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Torah scroll, hidden during Holocaust, brought to Yad Vashem

Haim Tuvia Gerbowitz returned to Poland after the war and discovered the sacred scroll hidden in a synagogue that had been ransacked on Kristallnacht.

A Torah scroll hidden in the attic of a synagogue in Poland that was ransacked on Kristallnacht was placed in the Holy Ark at Yad Vashem, Dec. 21, 2023. Credit: Yad Vashem.
A Torah scroll hidden in the attic of a synagogue in Poland that was ransacked on Kristallnacht was placed in the Holy Ark at Yad Vashem, Dec. 21, 2023. Credit: Yad Vashem.

A Torah scroll hidden in the attic of a synagogue in Poland that was ransacked on Kristallnacht was placed in the Holy Ark at Yad Vashem, Israel’s official Holocaust remembrance center on Thursday.

The event was part of the General Kaddish Day, held by the Council of the Chief Rabbinate of Israel on the 10th of Tevet, during which the memory of those who perished in the Holocaust without a clear date of death is honored by reciting the Jewish prayer of the dead.

Israel’s Chief Rabbis, Rabbi Yitzhak Yosef and Rabbi David Lau, Chairman of the Yad Vashem Council Rabbi Israel Meir Lau, Yad Vashem Chairman Dani Dayan and the family of Holocaust survivor Haim Tuvia Gerbowitz, who had brought the Torah scroll to Israel, attended the event.

During the ceremony, a special prayer was recited for the safe return of hostages and the well-being of IDF soldiers fighting in the Gaza war.

“We thank the Gerbowitz family for donating the Torah scroll to Yad Vashem’s synagogue, where it will be preserved for future generations and serve congregants,” said Dayan. “Every item entrusted to us not only tells the personal story of the donor, their family, or community but also completes another piece in the vast puzzle of the history of the Jewish people during the Holocaust.”

Gerbowitz was born in the town of Kolno, Poland. After the Russian invasion of the town, he was taken along with other youths from the town for forced labor in Siberia, which is how he was the only one from his family to have survived.

At the end of the war, he was released, and on his way back to his town in Poland he heard about the tragedy that had occurred and the dire fate of his parents and eight sisters. When he arrived, he discovered that his family home had been taken over by Poles, and an acquaintance warned him it would be best for him to leave so as not to be murdered.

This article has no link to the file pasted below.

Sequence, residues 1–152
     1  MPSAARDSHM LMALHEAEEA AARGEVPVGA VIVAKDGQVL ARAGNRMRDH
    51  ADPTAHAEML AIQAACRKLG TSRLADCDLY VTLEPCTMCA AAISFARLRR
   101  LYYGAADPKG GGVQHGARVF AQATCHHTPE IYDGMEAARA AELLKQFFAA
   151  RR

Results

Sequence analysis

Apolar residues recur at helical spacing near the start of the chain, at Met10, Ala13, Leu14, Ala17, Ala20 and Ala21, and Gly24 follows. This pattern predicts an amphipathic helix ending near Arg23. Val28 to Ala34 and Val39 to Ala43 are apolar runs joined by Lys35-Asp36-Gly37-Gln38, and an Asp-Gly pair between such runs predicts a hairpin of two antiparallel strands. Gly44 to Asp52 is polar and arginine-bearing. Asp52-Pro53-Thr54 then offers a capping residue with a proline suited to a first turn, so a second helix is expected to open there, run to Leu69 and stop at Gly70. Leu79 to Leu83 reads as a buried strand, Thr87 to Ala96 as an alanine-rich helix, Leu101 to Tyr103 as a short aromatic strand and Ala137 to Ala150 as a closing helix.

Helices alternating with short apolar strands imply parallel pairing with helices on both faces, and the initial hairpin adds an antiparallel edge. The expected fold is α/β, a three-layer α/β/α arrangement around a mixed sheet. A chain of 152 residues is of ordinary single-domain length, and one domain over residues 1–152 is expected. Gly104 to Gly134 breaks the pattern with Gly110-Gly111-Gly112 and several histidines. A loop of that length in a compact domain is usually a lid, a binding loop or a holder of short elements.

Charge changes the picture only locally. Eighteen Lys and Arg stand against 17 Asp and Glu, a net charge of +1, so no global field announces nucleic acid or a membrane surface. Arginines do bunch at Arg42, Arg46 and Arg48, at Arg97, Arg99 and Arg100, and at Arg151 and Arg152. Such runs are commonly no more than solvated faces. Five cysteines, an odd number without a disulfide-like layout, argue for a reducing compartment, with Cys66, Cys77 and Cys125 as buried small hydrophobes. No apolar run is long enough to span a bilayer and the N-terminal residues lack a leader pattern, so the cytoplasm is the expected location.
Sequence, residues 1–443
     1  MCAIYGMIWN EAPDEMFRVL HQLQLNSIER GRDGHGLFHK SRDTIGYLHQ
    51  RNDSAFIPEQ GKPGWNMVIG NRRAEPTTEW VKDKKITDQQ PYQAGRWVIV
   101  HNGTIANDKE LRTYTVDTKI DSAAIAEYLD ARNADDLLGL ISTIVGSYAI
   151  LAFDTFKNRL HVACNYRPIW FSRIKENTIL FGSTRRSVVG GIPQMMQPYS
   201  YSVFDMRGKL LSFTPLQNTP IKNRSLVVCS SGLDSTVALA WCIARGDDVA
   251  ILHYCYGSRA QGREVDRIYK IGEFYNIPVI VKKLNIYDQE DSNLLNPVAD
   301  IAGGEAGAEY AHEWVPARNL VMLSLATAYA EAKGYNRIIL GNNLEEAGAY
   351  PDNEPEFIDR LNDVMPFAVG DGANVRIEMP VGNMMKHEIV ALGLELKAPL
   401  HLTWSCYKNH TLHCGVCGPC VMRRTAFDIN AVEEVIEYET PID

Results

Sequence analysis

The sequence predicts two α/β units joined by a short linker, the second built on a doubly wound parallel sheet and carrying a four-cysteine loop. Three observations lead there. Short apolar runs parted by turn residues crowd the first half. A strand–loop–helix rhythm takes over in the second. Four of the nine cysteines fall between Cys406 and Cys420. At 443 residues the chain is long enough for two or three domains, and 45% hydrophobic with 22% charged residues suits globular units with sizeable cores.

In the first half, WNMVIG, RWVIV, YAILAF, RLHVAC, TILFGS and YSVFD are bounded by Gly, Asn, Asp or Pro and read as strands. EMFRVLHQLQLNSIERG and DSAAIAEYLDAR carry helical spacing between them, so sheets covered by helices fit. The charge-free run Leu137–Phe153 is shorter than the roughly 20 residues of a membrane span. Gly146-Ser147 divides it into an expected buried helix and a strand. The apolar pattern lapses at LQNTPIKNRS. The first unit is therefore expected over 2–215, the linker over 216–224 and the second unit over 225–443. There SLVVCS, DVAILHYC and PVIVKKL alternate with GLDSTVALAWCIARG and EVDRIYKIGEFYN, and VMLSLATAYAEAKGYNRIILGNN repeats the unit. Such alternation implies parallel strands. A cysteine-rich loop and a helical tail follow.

Mordechai and Rachel Hasidov, the children of Haim Tuvia Gerbowitz, with the Torah scroll. Courtesy of Mordechai and Rachel Hasidov.

Gerbowitz left the town and wandered in search of other Jews and a livelihood. In a small village where he settled, he met Shprinza (Shifra) Steinwortzel, and they married. The couple had three children: Mordechai, Moshe, and Hinda-Rachel. At this point, the couple wanted to immigrate to Israel but were denied approval by Communist-ruled Poland.

In 1947, the family moved to the city of Wałbrzych in Poland, which before the war was part of Germany. After the renovation of a synagogue in the city, which had been ransacked by Nazis on Kristallnacht, the few remaining Jews returned to pray there, including Gerbowitz and his sons.

One day, while the children were playing in the attic, Gerbowitz ‘s son Mordechai noticed a niche in the wall. Out of curiosity he crawled inside and found a Torah scroll, prayer books, prayer shawls, and phylacteries (tefillin).

He called his brother Moshe and they immediately ran to their father and told him what they found. Gerbowitz went up to the attic and was stunned. He took off his prayer shawl, wrapped the Torah scroll and swore on that day to bring the Torah scroll to Israel.

In 1956 the family was allowed to leave Poland and immigrate to Israel, bringing the Torah scroll with them. In Israel, Gerbowitz ordered Torah mantles and on them were embroidered the names of his murdered family members—his sisters and parents.

“The Torah scroll accompanied my father in every synagogue he attended,” related Rachel Hasidov, Gerbowitz ‘s daughter. “For us today, this means closure—that same Torah scroll that my brothers found in a synagogue in Poland, which itself survived the Holocaust, is being placed in the Holy Ark in Yad Vashem’s synagogue.

“After my father passed away and before my brother passed away, we decided Yad Vashem was the right place for the Torah scroll, where it will serve the public and also preserve my father’s story and the memory of his family who was murdered in the Holocaust,” said Hasidov.

Originally published by Israel Hayom.


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